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     January 2005


Education Up Close

Writing Effective Tests:
A Guide for Teachers

Creating effective tests is an essential task for all classroom teachers. While it is a task that every teacher undertakes year after year, how can you be sure you are making the best tests possible? This month, we examine the importance of good test question construction and provide a variety of solid suggestions you can follow when constructing your next classroom test.

The Importance of Good Tests
Testing is a usually a key component in a teacherís overall assessment strategy. The quality of the tests given is closely linked with their ability to provide the kind of information you need regarding student performance.

A well-written test allows you to accurately and consistently measure studentsí mastery of specific content taught in class. Results of well-written tests also allow teachers to measure, to some degree, how effective their instruction has been.

Conversely, poorly designed test questions can lead to inaccurate measurements of learning and provide false information regarding student performance, as well as effectiveness of instruction. They can also result in unintended measurements of skills not taught.

Types of Test Questions
The test questions most teachers use in classrooms fall into two broad categories: selected response and created response.

Selected response questions require students to select from a predetermined list of potential answers. These questions include multiple choice, true/false, matching, and fill-in-the-blank questions. Selected-response questions are often viewed as less challenging in terms of the thinking skills required to answer them. However, when well written, they can measure higher levels of thinking, not simply the recalling of facts. The writing of these test items can be challenging, and they frequently take more time to construct. When well written, though, they are easier to score and can provide a more objective method of assessment than do created response items.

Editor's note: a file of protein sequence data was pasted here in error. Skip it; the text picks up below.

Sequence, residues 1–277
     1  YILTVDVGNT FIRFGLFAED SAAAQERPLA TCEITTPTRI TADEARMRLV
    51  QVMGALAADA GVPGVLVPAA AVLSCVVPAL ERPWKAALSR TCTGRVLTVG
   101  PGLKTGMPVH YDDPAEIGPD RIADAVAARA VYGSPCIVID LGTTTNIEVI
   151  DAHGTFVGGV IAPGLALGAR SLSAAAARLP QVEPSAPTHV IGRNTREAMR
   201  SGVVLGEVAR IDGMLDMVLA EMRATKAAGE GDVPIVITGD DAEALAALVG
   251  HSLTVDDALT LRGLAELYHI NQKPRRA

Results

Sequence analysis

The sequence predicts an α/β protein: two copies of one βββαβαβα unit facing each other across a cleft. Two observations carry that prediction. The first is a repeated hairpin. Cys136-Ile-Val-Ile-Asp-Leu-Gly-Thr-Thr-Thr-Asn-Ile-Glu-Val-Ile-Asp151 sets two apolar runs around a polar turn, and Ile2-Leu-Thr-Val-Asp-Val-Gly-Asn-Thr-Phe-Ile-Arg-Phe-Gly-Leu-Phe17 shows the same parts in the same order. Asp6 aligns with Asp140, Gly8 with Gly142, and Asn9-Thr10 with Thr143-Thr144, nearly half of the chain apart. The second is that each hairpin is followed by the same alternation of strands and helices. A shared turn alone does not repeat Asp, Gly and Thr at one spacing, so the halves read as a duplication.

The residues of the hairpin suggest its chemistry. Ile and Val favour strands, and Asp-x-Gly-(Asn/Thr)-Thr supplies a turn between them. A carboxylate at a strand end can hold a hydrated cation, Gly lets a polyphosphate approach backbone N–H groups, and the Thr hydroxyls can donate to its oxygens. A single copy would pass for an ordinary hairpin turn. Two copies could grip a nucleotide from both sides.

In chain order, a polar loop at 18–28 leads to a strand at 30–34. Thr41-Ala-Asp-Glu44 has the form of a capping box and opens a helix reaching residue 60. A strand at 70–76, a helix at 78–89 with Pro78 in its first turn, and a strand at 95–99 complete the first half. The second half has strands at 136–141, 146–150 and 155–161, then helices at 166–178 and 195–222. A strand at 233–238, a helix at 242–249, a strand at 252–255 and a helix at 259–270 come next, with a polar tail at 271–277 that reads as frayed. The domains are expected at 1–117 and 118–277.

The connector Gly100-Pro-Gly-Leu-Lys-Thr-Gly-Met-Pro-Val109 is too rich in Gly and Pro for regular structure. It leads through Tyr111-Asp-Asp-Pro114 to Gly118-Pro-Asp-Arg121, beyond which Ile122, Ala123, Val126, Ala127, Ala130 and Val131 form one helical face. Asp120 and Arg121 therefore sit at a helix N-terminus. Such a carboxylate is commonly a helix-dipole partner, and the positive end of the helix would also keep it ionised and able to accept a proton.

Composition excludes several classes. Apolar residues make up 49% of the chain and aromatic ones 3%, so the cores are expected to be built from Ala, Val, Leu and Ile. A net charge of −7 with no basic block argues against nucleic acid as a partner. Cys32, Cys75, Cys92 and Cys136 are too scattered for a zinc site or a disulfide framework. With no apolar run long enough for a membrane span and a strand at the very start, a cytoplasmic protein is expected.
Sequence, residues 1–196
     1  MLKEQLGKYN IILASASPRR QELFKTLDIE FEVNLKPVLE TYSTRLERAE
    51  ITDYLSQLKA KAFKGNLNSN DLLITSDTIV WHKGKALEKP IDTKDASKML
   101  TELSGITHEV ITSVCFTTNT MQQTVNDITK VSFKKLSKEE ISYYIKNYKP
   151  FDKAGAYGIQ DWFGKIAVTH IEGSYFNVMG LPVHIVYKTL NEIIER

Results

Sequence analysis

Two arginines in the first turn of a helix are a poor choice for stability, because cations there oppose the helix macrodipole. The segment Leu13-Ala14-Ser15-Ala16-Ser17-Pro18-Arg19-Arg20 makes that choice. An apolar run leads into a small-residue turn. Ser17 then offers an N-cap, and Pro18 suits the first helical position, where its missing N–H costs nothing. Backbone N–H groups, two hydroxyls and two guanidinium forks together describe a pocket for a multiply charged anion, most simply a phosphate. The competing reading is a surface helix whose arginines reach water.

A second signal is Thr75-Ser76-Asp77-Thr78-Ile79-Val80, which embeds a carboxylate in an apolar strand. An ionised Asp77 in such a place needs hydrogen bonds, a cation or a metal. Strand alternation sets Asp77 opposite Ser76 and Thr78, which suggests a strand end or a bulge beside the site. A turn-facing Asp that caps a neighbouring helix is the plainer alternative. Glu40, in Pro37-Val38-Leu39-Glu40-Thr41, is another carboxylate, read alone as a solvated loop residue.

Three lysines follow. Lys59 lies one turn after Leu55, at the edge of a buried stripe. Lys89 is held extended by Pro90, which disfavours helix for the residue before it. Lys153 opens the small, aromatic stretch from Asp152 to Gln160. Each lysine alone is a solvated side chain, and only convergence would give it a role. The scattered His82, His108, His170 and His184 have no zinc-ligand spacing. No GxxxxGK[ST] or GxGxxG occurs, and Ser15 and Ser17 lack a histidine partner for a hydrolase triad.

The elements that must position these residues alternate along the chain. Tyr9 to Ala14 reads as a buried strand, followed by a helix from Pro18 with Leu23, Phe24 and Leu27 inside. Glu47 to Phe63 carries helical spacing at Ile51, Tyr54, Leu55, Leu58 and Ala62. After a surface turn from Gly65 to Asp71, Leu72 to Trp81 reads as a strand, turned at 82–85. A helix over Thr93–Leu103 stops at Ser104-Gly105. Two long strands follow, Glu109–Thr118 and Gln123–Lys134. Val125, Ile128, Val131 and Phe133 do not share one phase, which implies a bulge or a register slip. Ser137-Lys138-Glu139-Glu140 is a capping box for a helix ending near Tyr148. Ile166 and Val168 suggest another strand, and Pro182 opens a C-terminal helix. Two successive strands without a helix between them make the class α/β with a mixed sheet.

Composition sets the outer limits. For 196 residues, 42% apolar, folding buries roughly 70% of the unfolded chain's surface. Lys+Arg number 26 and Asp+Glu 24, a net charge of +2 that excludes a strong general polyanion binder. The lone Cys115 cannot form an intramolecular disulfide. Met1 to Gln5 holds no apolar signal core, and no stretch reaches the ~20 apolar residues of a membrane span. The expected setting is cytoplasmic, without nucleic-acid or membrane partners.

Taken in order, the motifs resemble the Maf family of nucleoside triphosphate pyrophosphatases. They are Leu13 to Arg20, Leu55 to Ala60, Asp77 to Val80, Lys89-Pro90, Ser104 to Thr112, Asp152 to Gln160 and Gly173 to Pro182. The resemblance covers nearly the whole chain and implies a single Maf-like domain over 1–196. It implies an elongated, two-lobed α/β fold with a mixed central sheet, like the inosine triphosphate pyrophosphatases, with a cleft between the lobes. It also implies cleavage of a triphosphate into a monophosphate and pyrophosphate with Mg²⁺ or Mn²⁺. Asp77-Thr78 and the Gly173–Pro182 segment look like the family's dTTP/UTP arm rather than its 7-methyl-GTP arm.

Created response questions include extended answer and essays These questions measure the studentís ability to communicate effectively, not just their understanding of content. Most teachers have to balance several considerations when choosing what to include in a test, including the fair assessment of knowledge or skills, number of students taking the test, and amount of time available to score the test. This type of question is often easier to write, but can require more time to score. Scoring is often less reliable because it is more subjective.

Writing Better Tests
There are a number of steps you can take to improve the quality of the tests you write.

Match Instructional Objectives and Teacher Notes to the Test
When creating your test items, refer back to your instructional objectives for the content and skills you want to assess. Use any lesson plans or teacher notes regarding what was covered and assigned to ensure your test items accurately reflect content that was covered in class. Choose the most important objectives to assess and use these as the outline for your test